People have died from tobacco-related diseases since the opening of the first FCTC working group on 28 October 1999.
- March 12, 2015
The President of OxyRomandie, Pascal Diethelm, is calling on the University of Zurich to remove from its website two scientific papers sponsored by tobacco giant Philip Morris.
The university published the papers in 2014. They conclude that plain packaging had no discernable effect on smoking rates among the young in Australia and that the measure is thus ineffective. The papers’ findings were also widely circulated in the media.
However, neither paper was peer reviewed, and Philip Morris demanded to review the final study before the results could be published.
(Plain packaging, in which companies’ branding is completely removed from tobacco packs, was introduced in Australia in 2012. On 3 March the Irish Parliament voted to go ahead with the measure and the UK Parliament is expected to vote on plain packaging this month.)
Seven serious errors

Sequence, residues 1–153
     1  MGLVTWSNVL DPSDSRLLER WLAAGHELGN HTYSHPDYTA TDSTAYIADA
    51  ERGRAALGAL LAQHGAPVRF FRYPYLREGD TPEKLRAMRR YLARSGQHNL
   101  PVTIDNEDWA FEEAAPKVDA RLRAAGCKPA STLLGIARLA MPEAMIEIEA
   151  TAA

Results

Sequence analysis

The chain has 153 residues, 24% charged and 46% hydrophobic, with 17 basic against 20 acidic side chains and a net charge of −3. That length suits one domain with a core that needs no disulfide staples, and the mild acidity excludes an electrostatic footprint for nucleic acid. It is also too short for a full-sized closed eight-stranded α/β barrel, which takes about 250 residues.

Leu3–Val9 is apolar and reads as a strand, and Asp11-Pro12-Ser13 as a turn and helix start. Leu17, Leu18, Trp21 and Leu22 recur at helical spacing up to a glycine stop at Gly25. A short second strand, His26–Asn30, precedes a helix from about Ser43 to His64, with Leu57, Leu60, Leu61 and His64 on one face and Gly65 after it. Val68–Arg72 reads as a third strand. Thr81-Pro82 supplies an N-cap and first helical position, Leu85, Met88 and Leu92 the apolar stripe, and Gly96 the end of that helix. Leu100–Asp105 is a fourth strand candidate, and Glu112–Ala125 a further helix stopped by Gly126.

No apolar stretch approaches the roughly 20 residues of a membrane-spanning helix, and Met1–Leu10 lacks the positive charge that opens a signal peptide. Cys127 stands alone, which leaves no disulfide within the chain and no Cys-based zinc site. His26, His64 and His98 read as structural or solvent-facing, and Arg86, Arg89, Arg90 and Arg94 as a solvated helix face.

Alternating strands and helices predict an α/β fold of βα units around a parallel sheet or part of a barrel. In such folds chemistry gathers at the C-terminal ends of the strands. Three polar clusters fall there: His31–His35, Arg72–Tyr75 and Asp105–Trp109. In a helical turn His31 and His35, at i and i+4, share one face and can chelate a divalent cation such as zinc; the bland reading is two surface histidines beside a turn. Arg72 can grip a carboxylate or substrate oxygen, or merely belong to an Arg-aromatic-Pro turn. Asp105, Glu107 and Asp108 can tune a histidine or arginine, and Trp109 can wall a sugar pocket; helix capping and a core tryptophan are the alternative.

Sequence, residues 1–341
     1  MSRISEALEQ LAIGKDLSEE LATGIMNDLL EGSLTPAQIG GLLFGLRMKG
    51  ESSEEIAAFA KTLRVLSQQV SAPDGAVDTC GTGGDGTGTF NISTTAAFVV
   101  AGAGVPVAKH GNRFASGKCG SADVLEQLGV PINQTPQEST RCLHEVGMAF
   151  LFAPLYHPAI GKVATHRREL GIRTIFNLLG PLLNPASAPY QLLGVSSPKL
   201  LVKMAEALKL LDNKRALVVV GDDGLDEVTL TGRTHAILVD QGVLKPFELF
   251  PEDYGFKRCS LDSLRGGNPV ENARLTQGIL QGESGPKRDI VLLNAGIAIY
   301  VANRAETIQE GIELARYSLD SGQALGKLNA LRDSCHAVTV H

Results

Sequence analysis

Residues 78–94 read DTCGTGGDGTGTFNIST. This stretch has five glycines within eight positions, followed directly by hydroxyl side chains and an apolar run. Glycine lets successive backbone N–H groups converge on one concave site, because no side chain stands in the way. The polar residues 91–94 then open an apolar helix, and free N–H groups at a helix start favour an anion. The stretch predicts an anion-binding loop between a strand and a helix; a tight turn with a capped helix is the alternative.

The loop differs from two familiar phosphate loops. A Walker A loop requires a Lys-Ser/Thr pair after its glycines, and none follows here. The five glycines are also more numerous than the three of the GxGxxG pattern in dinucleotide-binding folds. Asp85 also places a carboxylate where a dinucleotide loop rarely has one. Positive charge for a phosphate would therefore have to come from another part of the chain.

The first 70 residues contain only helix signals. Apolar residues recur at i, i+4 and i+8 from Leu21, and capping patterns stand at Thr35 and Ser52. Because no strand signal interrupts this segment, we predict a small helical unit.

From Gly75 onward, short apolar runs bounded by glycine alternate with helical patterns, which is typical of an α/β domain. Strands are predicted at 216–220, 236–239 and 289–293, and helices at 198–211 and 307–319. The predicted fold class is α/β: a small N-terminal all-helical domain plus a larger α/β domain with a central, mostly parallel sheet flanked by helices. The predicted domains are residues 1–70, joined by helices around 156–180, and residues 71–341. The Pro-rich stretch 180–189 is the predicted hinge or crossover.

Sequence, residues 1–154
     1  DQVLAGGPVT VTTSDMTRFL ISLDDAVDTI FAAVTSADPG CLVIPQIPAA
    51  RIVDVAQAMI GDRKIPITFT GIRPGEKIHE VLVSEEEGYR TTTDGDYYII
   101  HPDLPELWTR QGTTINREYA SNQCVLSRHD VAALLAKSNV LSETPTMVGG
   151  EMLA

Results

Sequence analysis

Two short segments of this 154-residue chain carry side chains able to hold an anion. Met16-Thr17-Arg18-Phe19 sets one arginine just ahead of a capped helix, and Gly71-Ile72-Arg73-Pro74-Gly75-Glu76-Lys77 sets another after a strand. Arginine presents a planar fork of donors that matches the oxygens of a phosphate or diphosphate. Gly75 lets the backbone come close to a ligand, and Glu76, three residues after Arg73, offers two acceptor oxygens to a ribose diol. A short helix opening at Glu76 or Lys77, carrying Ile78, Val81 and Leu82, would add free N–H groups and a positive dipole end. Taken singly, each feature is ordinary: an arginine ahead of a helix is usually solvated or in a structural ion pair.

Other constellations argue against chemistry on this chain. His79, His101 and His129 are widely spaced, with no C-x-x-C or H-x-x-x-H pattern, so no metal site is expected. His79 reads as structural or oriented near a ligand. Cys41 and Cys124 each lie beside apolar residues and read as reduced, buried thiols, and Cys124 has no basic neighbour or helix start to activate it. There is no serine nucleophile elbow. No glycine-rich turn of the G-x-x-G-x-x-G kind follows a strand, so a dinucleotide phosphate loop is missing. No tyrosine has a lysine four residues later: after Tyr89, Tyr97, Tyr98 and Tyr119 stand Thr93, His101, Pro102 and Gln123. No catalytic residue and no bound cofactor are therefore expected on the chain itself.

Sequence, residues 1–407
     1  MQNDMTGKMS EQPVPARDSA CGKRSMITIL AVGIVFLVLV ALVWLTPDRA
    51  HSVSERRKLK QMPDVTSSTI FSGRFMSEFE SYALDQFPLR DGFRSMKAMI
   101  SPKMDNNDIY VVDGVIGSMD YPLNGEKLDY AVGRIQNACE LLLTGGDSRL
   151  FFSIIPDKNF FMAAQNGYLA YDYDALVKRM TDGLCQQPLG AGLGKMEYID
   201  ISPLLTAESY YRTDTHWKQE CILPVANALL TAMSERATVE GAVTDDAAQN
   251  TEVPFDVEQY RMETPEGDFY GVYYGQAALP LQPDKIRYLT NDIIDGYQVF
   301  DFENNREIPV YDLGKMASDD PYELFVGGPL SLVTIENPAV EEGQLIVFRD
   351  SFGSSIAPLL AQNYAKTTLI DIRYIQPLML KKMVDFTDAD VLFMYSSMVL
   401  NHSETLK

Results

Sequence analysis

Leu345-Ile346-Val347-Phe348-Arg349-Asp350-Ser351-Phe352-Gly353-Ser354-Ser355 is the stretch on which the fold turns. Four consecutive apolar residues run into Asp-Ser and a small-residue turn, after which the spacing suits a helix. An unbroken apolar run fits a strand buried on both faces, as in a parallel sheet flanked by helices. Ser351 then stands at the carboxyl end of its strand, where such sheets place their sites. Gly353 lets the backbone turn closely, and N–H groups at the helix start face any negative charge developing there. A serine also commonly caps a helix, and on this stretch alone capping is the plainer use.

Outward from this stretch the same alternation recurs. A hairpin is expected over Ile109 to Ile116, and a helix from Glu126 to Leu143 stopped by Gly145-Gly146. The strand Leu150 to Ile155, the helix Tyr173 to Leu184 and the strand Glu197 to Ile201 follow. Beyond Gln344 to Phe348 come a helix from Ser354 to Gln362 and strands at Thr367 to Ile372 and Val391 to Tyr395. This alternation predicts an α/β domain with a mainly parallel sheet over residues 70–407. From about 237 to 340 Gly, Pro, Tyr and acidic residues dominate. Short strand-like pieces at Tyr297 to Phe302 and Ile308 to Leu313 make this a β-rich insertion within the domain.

Mr Diethelm, who is also FCA’s Geneva Representative, wrote to the university citing seven serious errors and issues in the study that undermine its findings, biasing it against public health. He called on the university to withdraw the papers from its website.
Otherwise, Philip Morris and the wider tobacco industry could continue presenting them as scientifically authoritative sources endorsed by a respectable academic institution, he argued, as they have done in their responses to the UK consultation on plain packaging in 2014.
“We want the papers to be retracted because they are defective,” said Mr Diethelm. “This is clearly another instance where the tobacco industry is corrupting academic research by financing biased results that end up in their favour, and by presenting the results in a misleading way.”
As reported in an online article in The Guardian a group of doctors also said that “both of these papers are flawed in conception as well as design, but have none the less been widely publicised as cautionary tales”.
At the time of writing the university had forwarded Mr Diethelm’s comments to an external expert for consideration.